"Micro-Numismatics" Quiz #6 ANSWERED

Insider2Insider2 Posts: 8,421 ✭✭✭✭✭
edited November 12, 2018 12:28PM in U.S. Coin Forum

Sorry, no prizes :(

I am going to be posting micrographs of anything that can be found on coins. Some will be easy and some will not. The correct answer is whatever I say it is :p but feel free to disagree (giving your reason) so all of us can discuss it. Images will be posted in this thread at my discretion - several each week. I will usually post the answers late the next day after the quiz was posted.

In order to make this FUN for beginners. I'll ask the "experts" to PLEASE not guess what any of the images are until the next day. Otherwise, folks like (fill in the blank) will get all of them immediately - That's NO FUN. If no correct answer is given by the next day, the "experts" should PLEASE respond. The answer for each image will usually be posted in the afternoon when I add another image.

The Rules:

  1. Anyone can guess. That's because even an incorrect guess can open further discussion as to why it is incorrect.

    1. The BEST guess is in two parts:

    A. What characteristic the image shows.
    B. What did you see in the image that lead to your guess.

The Image:

Spots can occur on coins for several reasons. Since they are often distracting, they may lower the eye appeal and grade if they are noticeable due to size and location. This coin has a "target" shape spot. What are some of the things that can cause a coin's surface to form a spot? What do we call the discolored area around this spot's center?

Comments

  • AUandAGAUandAG Posts: 20,005 ✭✭✭✭✭

    Spot remained untoned due to a liquid previously on the dime?

    bob :)

    BST deals: Dozens of buys/sells. Will provide a list upon request.
    Registry: CC lowballs (boblindstrom), [email protected]
  • ashelandasheland Posts: 10,684 ✭✭✭✭✭

    I'll sit back on this one. Not sure of the answer.

  • cmerlo1cmerlo1 Posts: 6,720 ✭✭✭✭✭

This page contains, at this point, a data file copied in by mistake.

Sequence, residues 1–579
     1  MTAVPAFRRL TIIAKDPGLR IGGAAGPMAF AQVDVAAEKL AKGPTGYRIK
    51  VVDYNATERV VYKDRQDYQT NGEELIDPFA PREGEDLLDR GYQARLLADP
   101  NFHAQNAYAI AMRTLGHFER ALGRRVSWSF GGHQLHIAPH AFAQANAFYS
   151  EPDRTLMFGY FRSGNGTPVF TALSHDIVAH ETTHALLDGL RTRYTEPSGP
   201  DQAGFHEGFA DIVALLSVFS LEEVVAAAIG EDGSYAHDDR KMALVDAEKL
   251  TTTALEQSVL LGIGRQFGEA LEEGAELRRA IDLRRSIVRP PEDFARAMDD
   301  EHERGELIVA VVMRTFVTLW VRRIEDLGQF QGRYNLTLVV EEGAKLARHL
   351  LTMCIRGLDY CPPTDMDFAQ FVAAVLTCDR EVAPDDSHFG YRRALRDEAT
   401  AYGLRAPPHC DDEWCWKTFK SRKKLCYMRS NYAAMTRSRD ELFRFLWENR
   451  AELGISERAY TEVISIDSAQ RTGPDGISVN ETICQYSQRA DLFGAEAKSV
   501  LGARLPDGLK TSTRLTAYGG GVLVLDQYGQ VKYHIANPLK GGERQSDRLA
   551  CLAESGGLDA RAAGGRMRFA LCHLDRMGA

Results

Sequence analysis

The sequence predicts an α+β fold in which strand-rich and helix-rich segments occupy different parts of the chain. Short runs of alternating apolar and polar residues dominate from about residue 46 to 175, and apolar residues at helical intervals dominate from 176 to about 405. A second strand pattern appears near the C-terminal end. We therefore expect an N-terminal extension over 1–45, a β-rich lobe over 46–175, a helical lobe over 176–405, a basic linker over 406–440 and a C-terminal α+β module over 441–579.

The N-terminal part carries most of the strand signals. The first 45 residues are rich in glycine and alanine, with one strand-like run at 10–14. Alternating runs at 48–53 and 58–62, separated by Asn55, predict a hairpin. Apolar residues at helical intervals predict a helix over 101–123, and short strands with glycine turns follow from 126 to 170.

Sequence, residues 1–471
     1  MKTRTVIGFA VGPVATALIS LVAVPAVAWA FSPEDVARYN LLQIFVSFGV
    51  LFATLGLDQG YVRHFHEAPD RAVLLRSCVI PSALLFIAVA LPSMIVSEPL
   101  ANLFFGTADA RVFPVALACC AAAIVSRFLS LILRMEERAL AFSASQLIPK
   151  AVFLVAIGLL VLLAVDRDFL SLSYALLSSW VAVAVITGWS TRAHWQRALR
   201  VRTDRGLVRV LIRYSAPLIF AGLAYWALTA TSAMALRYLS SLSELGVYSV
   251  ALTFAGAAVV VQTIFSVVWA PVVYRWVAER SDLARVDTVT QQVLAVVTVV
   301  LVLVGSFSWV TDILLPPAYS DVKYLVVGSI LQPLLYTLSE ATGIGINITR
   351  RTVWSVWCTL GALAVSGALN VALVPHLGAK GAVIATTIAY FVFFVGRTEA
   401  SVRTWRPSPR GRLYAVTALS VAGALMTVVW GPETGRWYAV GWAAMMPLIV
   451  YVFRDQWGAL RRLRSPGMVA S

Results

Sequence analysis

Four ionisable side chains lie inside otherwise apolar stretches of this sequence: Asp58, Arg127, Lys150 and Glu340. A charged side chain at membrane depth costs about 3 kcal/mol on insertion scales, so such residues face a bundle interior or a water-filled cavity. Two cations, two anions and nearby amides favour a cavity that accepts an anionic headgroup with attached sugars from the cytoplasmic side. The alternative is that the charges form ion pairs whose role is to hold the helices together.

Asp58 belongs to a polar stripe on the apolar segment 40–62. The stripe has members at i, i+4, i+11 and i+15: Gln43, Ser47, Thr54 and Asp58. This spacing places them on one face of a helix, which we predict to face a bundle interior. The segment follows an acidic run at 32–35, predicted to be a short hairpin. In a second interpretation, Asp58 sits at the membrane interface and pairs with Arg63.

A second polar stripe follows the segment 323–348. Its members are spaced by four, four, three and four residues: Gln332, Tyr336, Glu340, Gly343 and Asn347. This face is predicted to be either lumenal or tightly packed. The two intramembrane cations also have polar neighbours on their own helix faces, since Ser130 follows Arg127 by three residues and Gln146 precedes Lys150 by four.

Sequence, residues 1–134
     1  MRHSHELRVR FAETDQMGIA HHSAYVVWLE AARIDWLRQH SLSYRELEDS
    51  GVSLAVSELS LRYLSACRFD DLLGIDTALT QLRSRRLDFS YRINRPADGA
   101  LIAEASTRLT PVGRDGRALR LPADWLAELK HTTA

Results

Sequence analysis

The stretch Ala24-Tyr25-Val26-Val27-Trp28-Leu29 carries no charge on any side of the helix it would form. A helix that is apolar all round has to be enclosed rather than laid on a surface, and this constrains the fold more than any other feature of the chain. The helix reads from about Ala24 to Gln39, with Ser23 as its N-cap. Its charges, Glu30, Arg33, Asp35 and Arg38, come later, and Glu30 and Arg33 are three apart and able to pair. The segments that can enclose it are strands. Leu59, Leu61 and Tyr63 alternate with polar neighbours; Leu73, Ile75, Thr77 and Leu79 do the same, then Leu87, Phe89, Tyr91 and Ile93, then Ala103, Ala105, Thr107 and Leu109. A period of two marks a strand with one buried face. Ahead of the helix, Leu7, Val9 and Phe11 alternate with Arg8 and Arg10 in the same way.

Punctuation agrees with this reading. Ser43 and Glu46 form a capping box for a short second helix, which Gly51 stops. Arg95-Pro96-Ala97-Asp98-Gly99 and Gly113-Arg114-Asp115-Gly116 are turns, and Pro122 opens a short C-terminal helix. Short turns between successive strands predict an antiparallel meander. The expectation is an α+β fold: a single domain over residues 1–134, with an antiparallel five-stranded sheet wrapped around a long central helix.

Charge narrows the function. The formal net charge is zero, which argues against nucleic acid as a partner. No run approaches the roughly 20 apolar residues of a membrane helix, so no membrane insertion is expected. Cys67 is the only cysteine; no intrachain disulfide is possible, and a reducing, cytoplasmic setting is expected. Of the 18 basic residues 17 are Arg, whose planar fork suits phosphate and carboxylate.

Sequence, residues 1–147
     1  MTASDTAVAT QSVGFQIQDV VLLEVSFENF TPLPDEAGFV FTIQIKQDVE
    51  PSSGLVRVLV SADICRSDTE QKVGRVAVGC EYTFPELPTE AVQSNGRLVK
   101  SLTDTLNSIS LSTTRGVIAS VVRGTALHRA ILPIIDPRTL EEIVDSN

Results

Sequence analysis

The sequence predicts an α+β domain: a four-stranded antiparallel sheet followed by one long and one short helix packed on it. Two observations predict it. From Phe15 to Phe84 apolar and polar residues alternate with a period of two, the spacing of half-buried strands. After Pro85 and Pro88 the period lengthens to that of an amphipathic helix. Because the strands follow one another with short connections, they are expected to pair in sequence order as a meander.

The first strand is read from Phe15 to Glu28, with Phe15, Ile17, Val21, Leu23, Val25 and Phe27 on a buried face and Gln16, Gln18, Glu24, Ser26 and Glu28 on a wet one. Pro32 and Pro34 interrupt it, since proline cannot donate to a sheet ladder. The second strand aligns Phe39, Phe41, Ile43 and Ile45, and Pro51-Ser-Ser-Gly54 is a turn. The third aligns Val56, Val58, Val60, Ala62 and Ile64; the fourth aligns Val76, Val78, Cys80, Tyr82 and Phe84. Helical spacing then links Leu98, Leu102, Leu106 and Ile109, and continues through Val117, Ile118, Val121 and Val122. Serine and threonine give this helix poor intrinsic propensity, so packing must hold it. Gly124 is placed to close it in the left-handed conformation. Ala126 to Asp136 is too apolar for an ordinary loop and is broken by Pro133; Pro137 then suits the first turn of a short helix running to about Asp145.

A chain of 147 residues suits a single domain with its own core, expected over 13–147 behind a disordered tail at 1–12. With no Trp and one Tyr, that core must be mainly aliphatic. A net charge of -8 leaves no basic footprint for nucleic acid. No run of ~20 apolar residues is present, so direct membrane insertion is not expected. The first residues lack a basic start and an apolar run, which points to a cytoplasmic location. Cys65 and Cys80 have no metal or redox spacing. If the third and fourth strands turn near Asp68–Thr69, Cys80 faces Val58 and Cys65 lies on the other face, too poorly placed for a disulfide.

edited November 9, 2018 10:39AM

    It's a spitspot- someone talking while holding the coin. Being round, it looks like a droplet landed on the coin.

    You Suck! Awarded 6/2008- 1901-O Micro O Morgan, 8/2008- 1878 VAM-123 Morgan, 7/2013- 1983 No-S Proof Set
  • Aspie_RoccoAspie_Rocco Posts: 1,117 ✭✭✭✭✭

    I once read an article concerning the reason a coffe drop dries in a ring or circle, not a dot, on hard surfaces. Yes I like obscure details.

    Something about how the particles in the liquid migrate to the edges as drying occurs, and the build up draws on the remaining liquid like a wick as evaporation happens. This effect leaves a ring when dried out

    Something similar happened here I would guess.

  • SmudgeSmudge Posts: 2,715 ✭✭✭✭✭

    Bubble spot?

  • HemisphericalHemispherical Posts: 273 ✭✭✭
    edited November 9, 2018 1:57PM

    Changed the color dynamics.

    Mercury dime (reverse, blade of axe head) composition is 90silver/10copper.

    As mentioned previously it appears to be some type of liquid droplet, but I will advance this further by saying it was a viscous liquid droplet.

    The outer edges dried first to form the lighter colored discoloration. The center portion did not dry as quickly but had sufficient time to react in/on the metal to form a darker spot/pitting into the coin.

    This leads me think it might be a carbon spot.

    I have no idea what the area around the spot is called; other than the “perimeter” of the carbon spot.

    Edited to ask a quesion: I do not normally look at coins at this level of magnification, but are those flow lines that appear to be radiating outward?

  • Insider2Insider2 Posts: 8,421 ✭✭✭✭✭

    @Hemispherical said: "Changed the color dynamics."

    Edited to ask a quesion: I do not normally look at coins at this level of magnification, but are those flow lines that appear to be radiating outward?

    That's very unfortunate because you have removed a clue! I hope others return to this original as posted version. :)

    Hardly anyone looks at coins at over 16X (which is way too much). What I have found is that by looking at the surfaces of coins with two eyes and florescent light at 7X and higher (this image approx. 30X) I'm able to recognize things IMMEDIATELY with a low power hand lens while I listen to others question/argue over what a characteristic they see is. It is comical! :) There are flow lines on the dime's surface; however, the two long dark lines are not.